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τρίκλινον). The dining-room of a Roman house, as to the position of which, relatively to the other parts of the house, see Domus, pp. 547, 549, with the diagrams there given. It was of an oblong shape, and was twice as long as it was broad. The superintendence of the diningroom in a great house was intrusted to a slave called tricliniarcha, who, through other slaves, took care that everything was kept and proceeded in proper order. A triclinium generally contained three couches, and as the usual number of persons occupying each couch was three, the triclinium afforded accommodation for a party of nine. Sometimes, however, as many as four lay on each of the couches. Each man, in order to feed himself, lay flat upon his breast, or nearly so, and stretched out his hand towards the table; but afterwards, when his hunger was satisfied, he turned upon his left side, leaning on his elbow. To this Horace alludes in describing a sated person turning in order to repose upon his elbow ( Sat. ii. 4, 39; but see Palmer ad loc.). We find the relative positions of two persons who lay next to one another commonly expressed in the prepositions super or supra and infra. A passage of Livy (xxxix. 43), in which he relates the cruel conduct of the consul L. Quintius Flamininus, shows that infra aliquem cubare was the same as in sinu alicuius cubare, and consequently that each person was considered as below him to whose breast his own head approached. On this principle we are enabled to explain the denominations both of the three couches, and of the three places on each couch. Supposing the annexed arrangement to represent the plan of a triclinium, it is evident that, as each guest re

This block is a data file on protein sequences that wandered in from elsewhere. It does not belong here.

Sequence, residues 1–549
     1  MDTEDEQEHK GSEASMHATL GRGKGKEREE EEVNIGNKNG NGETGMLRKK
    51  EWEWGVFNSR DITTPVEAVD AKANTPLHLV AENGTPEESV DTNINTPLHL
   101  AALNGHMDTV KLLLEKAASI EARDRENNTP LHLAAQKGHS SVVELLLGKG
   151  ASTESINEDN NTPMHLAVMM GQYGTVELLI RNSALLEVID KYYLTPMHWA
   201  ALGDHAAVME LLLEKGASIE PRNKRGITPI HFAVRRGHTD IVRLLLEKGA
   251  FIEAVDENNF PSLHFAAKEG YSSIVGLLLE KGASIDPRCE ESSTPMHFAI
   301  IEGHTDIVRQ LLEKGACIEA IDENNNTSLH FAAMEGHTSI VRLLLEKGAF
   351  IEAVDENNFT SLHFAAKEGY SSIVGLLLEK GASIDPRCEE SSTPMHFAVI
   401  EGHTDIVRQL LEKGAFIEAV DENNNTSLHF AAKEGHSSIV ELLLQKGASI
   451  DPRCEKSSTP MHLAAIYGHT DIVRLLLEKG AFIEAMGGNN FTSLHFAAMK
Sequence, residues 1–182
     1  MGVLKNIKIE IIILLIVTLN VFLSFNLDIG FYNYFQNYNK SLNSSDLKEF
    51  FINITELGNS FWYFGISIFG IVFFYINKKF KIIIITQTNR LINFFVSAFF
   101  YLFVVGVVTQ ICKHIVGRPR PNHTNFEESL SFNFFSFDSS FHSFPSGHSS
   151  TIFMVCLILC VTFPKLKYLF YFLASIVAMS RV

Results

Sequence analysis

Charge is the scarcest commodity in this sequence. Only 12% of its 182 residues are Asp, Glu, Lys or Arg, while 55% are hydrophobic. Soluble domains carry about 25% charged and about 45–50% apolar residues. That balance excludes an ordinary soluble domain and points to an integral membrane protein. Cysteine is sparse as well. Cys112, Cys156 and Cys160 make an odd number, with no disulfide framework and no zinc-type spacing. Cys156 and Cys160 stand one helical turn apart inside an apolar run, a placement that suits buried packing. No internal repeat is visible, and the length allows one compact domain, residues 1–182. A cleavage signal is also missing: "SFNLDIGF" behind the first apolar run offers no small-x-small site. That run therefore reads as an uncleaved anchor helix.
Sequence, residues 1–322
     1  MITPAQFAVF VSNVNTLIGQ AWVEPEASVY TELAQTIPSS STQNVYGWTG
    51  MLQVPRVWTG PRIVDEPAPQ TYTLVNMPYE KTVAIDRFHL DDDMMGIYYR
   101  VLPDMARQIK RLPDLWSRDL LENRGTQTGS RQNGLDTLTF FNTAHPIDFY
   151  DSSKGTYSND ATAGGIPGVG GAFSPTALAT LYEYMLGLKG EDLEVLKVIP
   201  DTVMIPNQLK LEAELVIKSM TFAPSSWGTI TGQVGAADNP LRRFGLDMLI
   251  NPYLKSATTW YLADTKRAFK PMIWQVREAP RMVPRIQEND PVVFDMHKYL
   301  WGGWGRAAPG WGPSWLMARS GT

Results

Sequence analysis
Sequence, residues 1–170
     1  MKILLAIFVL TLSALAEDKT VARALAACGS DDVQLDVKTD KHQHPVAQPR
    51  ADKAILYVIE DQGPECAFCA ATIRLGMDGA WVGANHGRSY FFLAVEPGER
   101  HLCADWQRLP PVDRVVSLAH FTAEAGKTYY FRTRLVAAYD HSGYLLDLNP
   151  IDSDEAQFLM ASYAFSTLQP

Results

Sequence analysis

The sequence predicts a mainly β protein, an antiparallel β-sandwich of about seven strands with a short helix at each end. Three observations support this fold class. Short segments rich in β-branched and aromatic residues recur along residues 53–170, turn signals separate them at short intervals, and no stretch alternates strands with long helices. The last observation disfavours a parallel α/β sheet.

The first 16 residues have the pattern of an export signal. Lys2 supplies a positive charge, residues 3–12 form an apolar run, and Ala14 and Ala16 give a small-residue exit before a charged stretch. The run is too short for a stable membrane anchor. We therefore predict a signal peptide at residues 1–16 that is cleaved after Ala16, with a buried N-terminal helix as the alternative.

lectus medius

clined on his left side, the countenances of all when in this position were directed, first, from No. 1 towards No. 3, then from No. 4 towards No. 6, and lastly from No. 7 towards No. 9; that the guest No. 1 lay, in the sense explained, above No. 2, No. 3 below No. 2, and so of the rest; and that, going in the same direction, the couch to the right hand was above the others, and the couch to the left hand below the others. It will be found that in a passage of the Eighth Satire of the second book of Horace the guests are enumerated in the order of their reclining—an order exhibited in the annexed diagram. See Cena; Mensa. For the dinner dress, see Synthesis.

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